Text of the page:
07TBILISI1386, LITTLE PROGRESS RESULTS FROM MAY 31 GEORGIA-RUSSIA

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Reference ID Created Released Classification Origin
07TBILISI1386 2007-06-11 13:46 2011-08-30 01:44 CONFIDENTIAL Embassy Tbilisi

VZCZCXRO1532
RR RUEHAG RUEHDE RUEHHM RUEHMR RUEHPA RUEHPB RUEHRN
DE RUEHSI #1386 1621346
ZNY CCCCC ZZH
R 111346Z JUN 07
FM AMEMBASSY TBILISI
TO RUEHC/SECSTATE WASHDC 6613
INFO RUCNWTO/WORLD TRADE ORGANIZATION COLLECTIVE
RUCPDOC/DEPT OF COMMERCE WASHDC

C O N F I D E N T I A L TBILISI 001386 
 
SIPDIS 
 
SIPDIS 
 
STATE FOR EUR/CARC. EB/MTA/BTA AND EB/TPP/MTA 
STATE PASS USTR FOR PAUL BURKHEAD AND CECELIA KLEIN 
COMMERCE FOR ITA/MAC/4231 DANICA STARKS 
 
E.O. 12958: DECL: 06/06/2017 
TAGS: ETRD USTR WTO GG RU
SUBJECT: LITTLE PROGRESS RESULTS FROM MAY 31 GEORGIA-RUSSIA 
WTO DISCUSSIONS 
 
Classified By: Ambassador John F. Tefft, reason 1.4(b) and (d). 
 
(C) 1.  Georgian trade, customs and immigration officials 
spent a grueling seven hours on May 31 negotiating with 
Russian counterparts, including Russia's chief WTO negotiator 
Max Medvedkov, about Georgian objections to Russia's WTO 
accession bid.  According to Georgia's lead WTO negotiator, 
Deputy Minister of Economic Development Tamuna Kovsiridze, 
the Georgian side had a hard time getting the Russians to 
take their concerns about the operation of border crossings 
from Russia into Abkhazia and South Ossetia seriously.  The 
crossings operate without the consent of the Georgian 
government.  Georgia insists they contravene the 2004 
Georgia-Russia bilateral agreement for Russia's WTO 
accession, which Georgia revoked in June 2006 because of 
Russia's non-compliance with promises to regulate or close 
the crossings.  The issue is of vital importance to Georgia 
for two reasons.  One, the GOG has no control over the flow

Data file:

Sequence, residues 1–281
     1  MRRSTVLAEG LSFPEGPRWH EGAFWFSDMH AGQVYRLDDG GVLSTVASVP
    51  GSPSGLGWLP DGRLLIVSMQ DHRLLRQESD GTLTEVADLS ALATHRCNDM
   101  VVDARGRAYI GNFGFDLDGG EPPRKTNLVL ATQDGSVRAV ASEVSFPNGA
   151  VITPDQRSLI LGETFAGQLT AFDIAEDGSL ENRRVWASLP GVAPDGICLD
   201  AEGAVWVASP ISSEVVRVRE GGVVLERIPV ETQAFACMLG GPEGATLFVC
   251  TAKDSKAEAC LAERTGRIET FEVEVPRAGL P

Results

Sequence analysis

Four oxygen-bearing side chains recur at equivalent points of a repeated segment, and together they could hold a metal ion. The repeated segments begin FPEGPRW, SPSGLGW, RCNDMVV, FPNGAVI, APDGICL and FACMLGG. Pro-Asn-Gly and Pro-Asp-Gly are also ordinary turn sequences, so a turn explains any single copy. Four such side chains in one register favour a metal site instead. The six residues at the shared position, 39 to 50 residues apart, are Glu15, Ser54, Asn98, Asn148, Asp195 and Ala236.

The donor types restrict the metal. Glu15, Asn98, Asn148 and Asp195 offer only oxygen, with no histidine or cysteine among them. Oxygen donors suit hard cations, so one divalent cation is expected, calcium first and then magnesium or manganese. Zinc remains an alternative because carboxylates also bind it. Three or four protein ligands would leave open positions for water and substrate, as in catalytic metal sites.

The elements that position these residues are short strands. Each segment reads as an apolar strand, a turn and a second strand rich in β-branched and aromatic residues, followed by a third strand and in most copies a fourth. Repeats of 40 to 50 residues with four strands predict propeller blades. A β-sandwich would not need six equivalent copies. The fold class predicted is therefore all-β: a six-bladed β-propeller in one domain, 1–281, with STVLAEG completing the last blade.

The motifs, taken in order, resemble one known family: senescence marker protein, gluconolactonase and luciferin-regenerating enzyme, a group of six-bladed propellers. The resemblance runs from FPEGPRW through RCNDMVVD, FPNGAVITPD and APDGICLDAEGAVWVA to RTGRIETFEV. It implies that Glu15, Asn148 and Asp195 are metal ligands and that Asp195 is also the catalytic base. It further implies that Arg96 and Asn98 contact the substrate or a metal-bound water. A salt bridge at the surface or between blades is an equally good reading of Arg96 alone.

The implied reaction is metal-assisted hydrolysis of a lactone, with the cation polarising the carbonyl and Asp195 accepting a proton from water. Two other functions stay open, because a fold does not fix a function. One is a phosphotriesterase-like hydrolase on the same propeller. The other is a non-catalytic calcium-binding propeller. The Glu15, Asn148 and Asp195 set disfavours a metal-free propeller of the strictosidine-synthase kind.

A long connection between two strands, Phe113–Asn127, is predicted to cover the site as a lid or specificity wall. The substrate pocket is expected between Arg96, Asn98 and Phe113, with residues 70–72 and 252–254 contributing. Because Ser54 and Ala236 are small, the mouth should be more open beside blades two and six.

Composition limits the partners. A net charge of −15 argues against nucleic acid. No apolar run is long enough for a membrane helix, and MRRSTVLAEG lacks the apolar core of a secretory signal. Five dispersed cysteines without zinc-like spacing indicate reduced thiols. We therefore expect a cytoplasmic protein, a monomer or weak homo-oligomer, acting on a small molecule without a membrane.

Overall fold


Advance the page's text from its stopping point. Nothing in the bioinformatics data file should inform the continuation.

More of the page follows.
of people, goods, weapons, narcotics and even nuclear 
materials onto its territory.  Two, the issue cuts to the 
heart of Georgia's claim of sovereignty over South Ossetia 
and Abkhazia. 
 
(C) 2.  Kovsiridze said that the Russians were not as 
well-prepared for the discussions as the Georgian side.  Most 
of the debate was about whether the border crossing issue was 
WTO-related, and even whether Georgia has a right to complain 
about the existence of the crossings in the first place.  For 
example, when the Georgians asked why the Russians allowed 
the border checkpoints to operate without Georgia's consent, 
the Russians replied, "Did you ask us for permission to open 
a checkpoint at the new airport in Tbilisi?"  Kovsiridze 
considers that response as frivolous because the airport is 
not located on the border of a foreign country, as are the 
crossings in Abkhazia and South Ossetia.  As a result, the 
discussion did not reach the issue of what practical solution 
could be reached that would allow Georgia to consent to 
Russia's proceeding with multilateral negotiations in the WTO. 
 
(C) 3.  Kovsiridze and the GOG consider the border crossing 
issue to be squarely within the purview of the WTO, because 
it involves tariffs, customs procedures and other matters 
that are clearly trade-related.  The discussions with the 
Russians revealed some information that the Georgians believe 
will be useful in supporting their arguments, such as an 
admission that Russian customs authorities are accepting at 
the disputed crossings certificates of origin issued by the 
Chamber of Commerce in Sokhumi, and that Turkish goods are 
entering and transiting Abkhazia into Russia without 
inspection or imposition of tariffs by the Georgian 
authorities. 
 
(C) 4.  Comment: The Russian negotiators were willing to meet 
again with the Georgians, perhaps in July.  The Russian 
government has expressed a desire to wrap up WTO negotiations 
by the end of the year, which may be motivating their 
officials.  The Russian attitude in the negotiations with 
Georgia is at odds with the GOR's professed respect for 
Georgia's territorial integrity, but consistent with their 
more or less overt support for the legitimacy of the de facto 
authorities in Abkhazia and South Ossetia.  Their lack of 
seriousness in the negotiations so far reflects an apparent 
reluctance to come to grips with these two contradictory 
positions.  Removing the Georgians as a roadblock to their 
WTO accession will require from Russia either highly creative 
diplomacy or tough decisions about how to treat the 
separatist regions.  End Comment. 
TEFFT

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